When it comes to the Cubs, the season is taking shape as a tale of two teams.
There’s the one that looks the part of a division leader — maybe even a World Series contender — when Yu Darvish, Kyle Hendricks or Jon Lester takes the ball. The first of that trio is in the driver’s seat for a Cy Young award. The second has firmly established himself as one of the game’s utmost tacticians. The third is a whisper shy of 200 career victories.
And then there’s the version of the Cubs that the Cardinals swept 4-2 and 5-1 on Saturday in a doubleheader at Wrigley Field. Relatively speaking, it was amateur night, with Cubs manager David Ross sending Adbert Alzolay and Colin Rea to the mound as his starting pitchers in Games 1 and 2, respectively. The Cardinals showed them no respect, sending each pitcher to the showers in the third inning.
The whole night put the deficiencies of a still-in-first-place team starkly on display.
Key again was their inability to capitalize on a potential big inning. In the opener against ageless Cardinals starter Adam Wainwright (4-0) — staked to a 1-0 lead after Ian Happ’s first-inning homer — the Cubs loaded the bases with no one out in the second. Stephen Souza Jr. then struck out meekly, Nico Hoerner lined out and Happ grounded out.
Over two seven-inning games, the Cubs were a wretched 1-for-13 with runners in scoring position.
“When you get hits in those situations, it’s great,” Ross said. “We’ve got to move the baseball in that situation, make something happen.”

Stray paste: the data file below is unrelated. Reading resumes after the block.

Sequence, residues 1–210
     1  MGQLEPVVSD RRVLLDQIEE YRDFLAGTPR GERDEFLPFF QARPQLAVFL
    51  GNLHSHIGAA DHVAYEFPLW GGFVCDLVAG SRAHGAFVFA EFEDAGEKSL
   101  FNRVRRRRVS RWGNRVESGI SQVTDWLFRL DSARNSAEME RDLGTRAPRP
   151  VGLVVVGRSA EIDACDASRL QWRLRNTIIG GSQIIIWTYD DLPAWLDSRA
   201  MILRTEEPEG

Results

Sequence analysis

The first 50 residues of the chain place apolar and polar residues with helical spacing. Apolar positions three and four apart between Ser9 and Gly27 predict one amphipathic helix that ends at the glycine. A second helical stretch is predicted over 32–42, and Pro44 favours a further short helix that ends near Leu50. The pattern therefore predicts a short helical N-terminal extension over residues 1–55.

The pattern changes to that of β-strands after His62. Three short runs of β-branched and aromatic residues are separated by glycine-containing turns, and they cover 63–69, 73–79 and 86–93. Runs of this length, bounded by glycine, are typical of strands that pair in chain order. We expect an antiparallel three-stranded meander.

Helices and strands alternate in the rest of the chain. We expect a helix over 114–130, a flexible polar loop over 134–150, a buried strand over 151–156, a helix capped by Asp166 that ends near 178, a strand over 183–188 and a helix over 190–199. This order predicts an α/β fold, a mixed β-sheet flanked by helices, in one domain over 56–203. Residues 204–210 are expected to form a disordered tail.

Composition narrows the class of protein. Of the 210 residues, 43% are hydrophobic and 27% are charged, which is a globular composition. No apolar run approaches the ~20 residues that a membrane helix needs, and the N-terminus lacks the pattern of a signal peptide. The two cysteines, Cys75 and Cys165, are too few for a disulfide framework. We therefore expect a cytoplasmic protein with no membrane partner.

In the third inning of the opener, Alzolay (0-1) was unable to survive some bumps. After a pair of singles to open the frame, Alzolay, making only his fourth career start, fought back, striking out Paul Goldschmidt and getting Paul DeJong to beat a ball into the ground. It would’ve been a 5-4-3 double play, but first baseman Anthony Rizzo was unable to squeeze Hoerner’s slightly high relay throw. Still in trouble, Alzolay walked Yadier Molina and Matt Carpenter before getting the hook.
“The youth showed back up a little bit,” Ross said. “He just got a little rushed. I think he was trying to do a little too much at times and got a little out of sync with his rhythm, that’s all. The stuff’s there.”
The stuff was impressive early. But Alzolay — already 25 and in his eighth year in the organization — has reached a time in his career when he has to push his chips into the pot if he’s going to truly help the Cubs.
Tyler Chatwood, on the injured list with a forearm strain, might not be back this season. Jose Quintana, an injured left lat shelving him on the heels of the dishwashing accident heard ’round the world, might not be in any shape to start games again this season.
Chatwood and Quintana — who could resume his throwing program Sunday — have been around the block. Not so for Rea, 30, who has had only one close-to-full season in the majors, with the Padres in 2016. And not so for Alzolay, no matter how long the Cubs have been signing his paychecks.
Eight pitchers have started games for the Cubs this season. That includes Alec Mills, of course, who has been decent as a part of the rotation all the way through — but only because Quintana sliced into a nerve in his left thumb.
Mills, Alzolay, Rea, Tyson Miller — who are these guys, anyway?
“I was able to make my pitches early in the game, so that’s a big takeaway for me,” Alzolay said. “Especially facing this lineup, you know? They have good hitters and all that. I’m good with it because I know that when I needed to make my pitches, I did it.”
That’s sure not something a grizzled vet would say after a short night.